Keeping skin moisturised over winter

Photo: Getty Images
Photo: Getty Images
There are useful things you can do to remain hydrated, inside and out, writes Deanna Copland.

Deanna Copland
Deanna Copland
With winter can come dry skin. In the South Island it is particularly dry with noticeably less humidity than places such as Auckland; we also have more heating going, which can dry out skin.

Hydration can slip as we feel less like drinking cold water when it's cold outside.Here are a few ideas to keep skin hydrated and glowing.

Slough off dead skin and moisturise it by making a DIY scrub for use in the shower.

Scrubs are easy to make and you can vary them by adding other ingredients, such as coffee grinds and different essential oils.

I bet you didn't think you'd see sugar featured on any of my recipes, but here it is:


Basic sugar scrub recipe

½ cup white or brown sugar
½ cup coconut oil, melted
A few drops of an essential oil eg lavender or lemon
1 small wide-mouth jar with a lid

The method
Mix all the ingredients together and pour into the jar. Use 1Tbsp, as needed, in the shower.

Scrub skin in circular motions gently, then rinse well.

The coconut oil will go solid in cold weather but if you leave it in the shower, towards the end of your shower, enough will have melted for use.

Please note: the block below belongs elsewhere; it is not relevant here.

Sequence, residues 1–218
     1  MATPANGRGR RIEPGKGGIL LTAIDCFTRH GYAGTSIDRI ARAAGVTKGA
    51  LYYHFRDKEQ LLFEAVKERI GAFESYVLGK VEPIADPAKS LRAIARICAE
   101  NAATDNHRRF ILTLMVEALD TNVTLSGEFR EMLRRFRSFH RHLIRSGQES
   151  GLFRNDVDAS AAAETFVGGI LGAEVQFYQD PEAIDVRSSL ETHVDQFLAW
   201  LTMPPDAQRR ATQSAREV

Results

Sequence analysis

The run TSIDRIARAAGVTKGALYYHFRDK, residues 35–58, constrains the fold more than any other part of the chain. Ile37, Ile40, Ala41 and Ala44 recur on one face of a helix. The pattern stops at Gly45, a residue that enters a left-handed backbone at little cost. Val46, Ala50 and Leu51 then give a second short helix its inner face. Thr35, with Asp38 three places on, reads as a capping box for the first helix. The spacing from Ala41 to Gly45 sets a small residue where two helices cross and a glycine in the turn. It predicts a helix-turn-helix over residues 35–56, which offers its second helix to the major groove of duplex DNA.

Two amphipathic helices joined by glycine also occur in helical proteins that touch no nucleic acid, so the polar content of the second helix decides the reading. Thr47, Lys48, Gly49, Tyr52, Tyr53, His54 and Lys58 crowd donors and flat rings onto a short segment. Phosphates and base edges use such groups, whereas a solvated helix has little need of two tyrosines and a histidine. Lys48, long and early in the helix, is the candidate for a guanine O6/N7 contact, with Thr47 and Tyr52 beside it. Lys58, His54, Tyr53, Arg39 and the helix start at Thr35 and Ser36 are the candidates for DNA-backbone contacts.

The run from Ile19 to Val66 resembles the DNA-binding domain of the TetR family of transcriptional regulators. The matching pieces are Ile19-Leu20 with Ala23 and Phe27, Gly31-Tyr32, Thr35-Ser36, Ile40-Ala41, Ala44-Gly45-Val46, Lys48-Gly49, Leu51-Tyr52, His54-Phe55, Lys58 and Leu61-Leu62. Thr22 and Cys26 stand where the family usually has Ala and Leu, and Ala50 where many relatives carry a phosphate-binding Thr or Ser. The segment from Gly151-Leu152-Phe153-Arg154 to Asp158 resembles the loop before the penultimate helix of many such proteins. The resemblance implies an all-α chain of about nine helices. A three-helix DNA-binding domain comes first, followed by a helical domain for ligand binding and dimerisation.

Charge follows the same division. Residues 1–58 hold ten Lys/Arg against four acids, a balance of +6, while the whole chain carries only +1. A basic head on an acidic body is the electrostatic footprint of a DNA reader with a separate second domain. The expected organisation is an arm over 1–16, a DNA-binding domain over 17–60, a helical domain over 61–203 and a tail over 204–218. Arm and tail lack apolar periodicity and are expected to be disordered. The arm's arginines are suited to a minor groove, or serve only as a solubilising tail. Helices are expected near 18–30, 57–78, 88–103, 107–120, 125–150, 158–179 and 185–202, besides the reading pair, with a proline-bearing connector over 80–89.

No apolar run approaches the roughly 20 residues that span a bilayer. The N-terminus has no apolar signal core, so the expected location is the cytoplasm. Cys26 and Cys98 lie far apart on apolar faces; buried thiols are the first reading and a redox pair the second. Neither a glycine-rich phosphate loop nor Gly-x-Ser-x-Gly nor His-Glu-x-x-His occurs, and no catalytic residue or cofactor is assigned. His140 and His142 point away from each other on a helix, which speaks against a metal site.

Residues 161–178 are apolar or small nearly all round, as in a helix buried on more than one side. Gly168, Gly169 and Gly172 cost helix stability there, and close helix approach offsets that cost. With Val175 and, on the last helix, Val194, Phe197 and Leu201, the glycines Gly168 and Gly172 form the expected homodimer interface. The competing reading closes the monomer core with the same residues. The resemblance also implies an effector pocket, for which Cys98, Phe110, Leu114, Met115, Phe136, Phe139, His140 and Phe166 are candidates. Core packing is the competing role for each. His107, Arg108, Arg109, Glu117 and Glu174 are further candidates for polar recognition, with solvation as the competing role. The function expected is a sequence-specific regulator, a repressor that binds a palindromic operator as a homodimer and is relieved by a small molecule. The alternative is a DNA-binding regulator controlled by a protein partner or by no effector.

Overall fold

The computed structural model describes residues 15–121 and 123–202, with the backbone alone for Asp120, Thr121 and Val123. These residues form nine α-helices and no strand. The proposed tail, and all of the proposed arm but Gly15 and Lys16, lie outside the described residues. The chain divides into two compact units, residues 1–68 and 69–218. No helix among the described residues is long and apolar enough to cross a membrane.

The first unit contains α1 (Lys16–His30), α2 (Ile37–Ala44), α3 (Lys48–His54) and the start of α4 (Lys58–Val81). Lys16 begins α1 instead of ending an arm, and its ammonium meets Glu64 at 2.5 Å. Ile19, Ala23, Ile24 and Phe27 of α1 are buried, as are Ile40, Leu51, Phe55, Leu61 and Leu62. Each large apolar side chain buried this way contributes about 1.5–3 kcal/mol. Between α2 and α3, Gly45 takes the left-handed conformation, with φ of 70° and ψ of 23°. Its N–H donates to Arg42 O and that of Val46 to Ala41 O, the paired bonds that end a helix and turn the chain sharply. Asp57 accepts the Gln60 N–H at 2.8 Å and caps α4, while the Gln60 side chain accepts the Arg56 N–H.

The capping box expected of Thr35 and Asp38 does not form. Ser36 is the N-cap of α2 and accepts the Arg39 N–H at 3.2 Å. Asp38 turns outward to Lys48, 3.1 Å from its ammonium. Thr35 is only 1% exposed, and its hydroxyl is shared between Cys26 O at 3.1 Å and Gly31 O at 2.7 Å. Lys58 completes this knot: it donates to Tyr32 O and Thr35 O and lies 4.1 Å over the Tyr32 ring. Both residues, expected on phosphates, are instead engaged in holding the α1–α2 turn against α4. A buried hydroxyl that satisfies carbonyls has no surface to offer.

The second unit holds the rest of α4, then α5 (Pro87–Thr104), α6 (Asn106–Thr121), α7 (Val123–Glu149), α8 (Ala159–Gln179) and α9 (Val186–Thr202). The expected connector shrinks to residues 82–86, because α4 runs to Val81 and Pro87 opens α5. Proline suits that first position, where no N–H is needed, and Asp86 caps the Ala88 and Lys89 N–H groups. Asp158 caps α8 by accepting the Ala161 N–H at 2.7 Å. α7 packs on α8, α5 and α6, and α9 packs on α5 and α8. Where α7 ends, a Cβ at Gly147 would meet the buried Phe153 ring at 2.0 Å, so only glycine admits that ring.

Please note - the shower floor may be greasy afterwards so can be wiped down with a white vinegar and orange essential oil spray to cut through the oil.

Keeping hydrated is important for skin health. Instead of having cold water, try different herbal teas.

Any mother of young children will confirm that luke-warm tea is actually bearable.

You can use tea bags or make your own.

Grated ginger and some fresh lemongrass makes a nice brew as does thyme leaves with fresh lemon juice and a little honey.

Natural washing powders are better for the environment and are also less irritating on skin, especially when it is dry.

Supermarkets are now well-stocked with several options available.

Orange vegetables are a good source of beta carotene which converts to vitamin A and helps with dry eyes and skin. Pumpkin, orange kumara and carrots are all in season now so try to increase these into your diet.


Photo: Getty Images
Photo: Getty Images
Warming carrot dip

Carrot dip is great with plain rice cakes or vegetable sticks or even dolloped over the likes of roast vegetable salad, falafels or a chicken breast.

It has warming spices such as ginger and cinnamon which make it a good one in the cooler months for digestion and circulation.

3 medium carrots, scrubbed and sliced
1 Tbsp olive/coconut oil
1 Tbsp liquid honey
1 Tbsp finely grated ginger
1 tsp ground cumin
½ tsp ground coriander
¼ tsp cinnamon
½ lemon juice
1 clove garlic, chopped
Salt and freshly cracked pepper

Photos: Getty Images
Photo: Getty Images

The method
Preheat the oven to 200degC and line a tray with baking paper.

Toss carrots with oil, honey and spices and then season with salt.

Roast for about 30 minutes until carrots are soft.

Transfer carrots and any juices to a food processor.

Add lemon juice and garlic and blitz until combined. Add 1-2 tablespoons water if consistency is too thick.

Season to taste with salt and pepper.

Store in a sealed container in the fridge for up to three days.


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